• Gotta love the forecast: mostly dry with sunny spells and a 40 percent chance of rain. So if it rains, will it still be dry at Turnberry?

• There are 20 players in the field who also played in the last Open at Turnberry in 1994, but a more elite foursome is Tom Watson, Nick Faldo, Greg Norman and Sandy Lyle. Each is competing for the fourth time at Turnberry, the only players to be here for all four Opens.

• How great was the 1977 Open here? Seven of the top eight finishers are in the World Golf Hall of Fame: Jack Nicklaus, Tom Watson, Hubert Green, Lee Trevino, Ben Crenshaw, Arnold Palmer and Raymond Floyd. The lone interloper was George Burns, who finished fifth.

• Steve Stricker's second victory of the year at the John Deere Classic was accomplished in part due to an impeccable short game. He got up and down all 17 times. The last time someone had a better week was in 2002, when Shigeki Maruyama was 21-for-21 at the Shell Houston Open.

• There have been just three first-time winners on the PGA Tour this year, while there were 12 last year. In the past 40 years, the smallest total was four, in 1992.


"As far as driving, no, I don't drive. Stevie [Williams] drives. He's used to this side of the road. Unfortunately, he drives a little bit quick. … As far as the cuisine, I have a cook, and I'm trying to eat as healthy and trying to have the energy that I need to compete for the week."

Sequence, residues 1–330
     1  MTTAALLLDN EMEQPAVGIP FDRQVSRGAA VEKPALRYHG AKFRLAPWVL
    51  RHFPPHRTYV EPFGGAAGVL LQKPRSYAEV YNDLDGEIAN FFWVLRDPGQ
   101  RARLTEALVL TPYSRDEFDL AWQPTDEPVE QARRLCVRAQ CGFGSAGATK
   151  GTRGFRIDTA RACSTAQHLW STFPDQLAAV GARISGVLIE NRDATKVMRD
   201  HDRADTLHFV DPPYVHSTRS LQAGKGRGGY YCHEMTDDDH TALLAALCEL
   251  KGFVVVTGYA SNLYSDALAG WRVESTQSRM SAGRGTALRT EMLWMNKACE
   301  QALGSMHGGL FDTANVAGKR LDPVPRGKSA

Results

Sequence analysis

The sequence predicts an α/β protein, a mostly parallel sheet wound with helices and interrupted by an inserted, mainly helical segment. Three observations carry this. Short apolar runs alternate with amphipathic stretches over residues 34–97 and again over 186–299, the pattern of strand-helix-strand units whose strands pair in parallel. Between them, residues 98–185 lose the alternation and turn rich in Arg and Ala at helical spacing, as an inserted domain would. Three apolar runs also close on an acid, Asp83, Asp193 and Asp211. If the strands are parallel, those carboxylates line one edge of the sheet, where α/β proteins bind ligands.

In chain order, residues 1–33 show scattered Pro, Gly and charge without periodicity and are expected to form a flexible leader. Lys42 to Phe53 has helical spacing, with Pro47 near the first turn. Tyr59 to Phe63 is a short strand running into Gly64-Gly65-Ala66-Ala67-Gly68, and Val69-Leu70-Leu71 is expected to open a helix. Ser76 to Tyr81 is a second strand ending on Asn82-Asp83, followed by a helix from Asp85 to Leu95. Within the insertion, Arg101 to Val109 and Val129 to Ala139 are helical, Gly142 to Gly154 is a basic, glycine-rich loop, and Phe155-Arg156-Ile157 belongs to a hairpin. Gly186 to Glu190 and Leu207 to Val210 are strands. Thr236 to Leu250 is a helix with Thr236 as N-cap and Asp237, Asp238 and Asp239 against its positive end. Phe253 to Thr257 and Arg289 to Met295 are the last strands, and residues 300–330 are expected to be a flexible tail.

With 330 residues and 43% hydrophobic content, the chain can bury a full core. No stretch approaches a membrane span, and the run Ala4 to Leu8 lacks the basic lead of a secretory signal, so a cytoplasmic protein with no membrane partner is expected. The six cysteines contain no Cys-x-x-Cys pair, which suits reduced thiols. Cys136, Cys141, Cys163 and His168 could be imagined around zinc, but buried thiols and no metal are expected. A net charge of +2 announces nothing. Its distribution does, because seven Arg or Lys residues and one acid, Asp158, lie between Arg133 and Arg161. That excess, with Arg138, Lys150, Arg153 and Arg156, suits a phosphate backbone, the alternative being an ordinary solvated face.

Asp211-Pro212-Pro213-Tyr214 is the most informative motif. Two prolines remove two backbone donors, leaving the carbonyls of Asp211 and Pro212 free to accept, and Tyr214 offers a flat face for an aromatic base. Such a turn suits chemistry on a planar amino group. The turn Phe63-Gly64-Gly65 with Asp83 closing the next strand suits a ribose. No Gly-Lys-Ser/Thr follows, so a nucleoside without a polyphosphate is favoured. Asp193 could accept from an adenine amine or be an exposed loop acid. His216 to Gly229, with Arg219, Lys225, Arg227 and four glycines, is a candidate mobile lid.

-- Tiger Woods, when asked whether he drives on the left side of the road and whether he has sampled any Scottish food.

Catching up with last year's champ

Padraig Harrington is bidding to become just the fifth player -- the first three all did it in the 1800s -- to win the Open Championship in three consecutive years. His play this season, however, does not appear to be anywhere near the level necessary.

Aside from the Irish club pro event he won over the weekend, Harrington has missed five straight cuts and six of his past seven this year. He has missed half the cuts in 16 tournaments and has a single top-10.

The Irishman has been reworking his swing and says he is fine with the process of taking steps backward to move forward. We'll see whether any of the work pays off this week.

British Open picks

Horse for the Course. Tom Watson. We can dream, but it's no reach to say the 59-year-old five-time Open Champion still hits the ball like a much younger man.

Birdie Buster. Hunter Mahan. You have to like his form heading into the Open. Mahan tied for sixth at the U.S. Open, tied for fourth at the Travelers Championship and finished second to Tiger Woods at the AT&T National.

Super Sleeper. Thomas Levet. One of the last guys into the field (he got a spot when Brett Quigley declined his exemption), the Frenchman won the Spanish Open earlier this year and lost in a playoff at the British Open in 2002.

Winner. Tiger Woods. We're not going to pick against history. Turnberry has yielded three previous winners who were at the top of the game. Hard to not pick Tiger.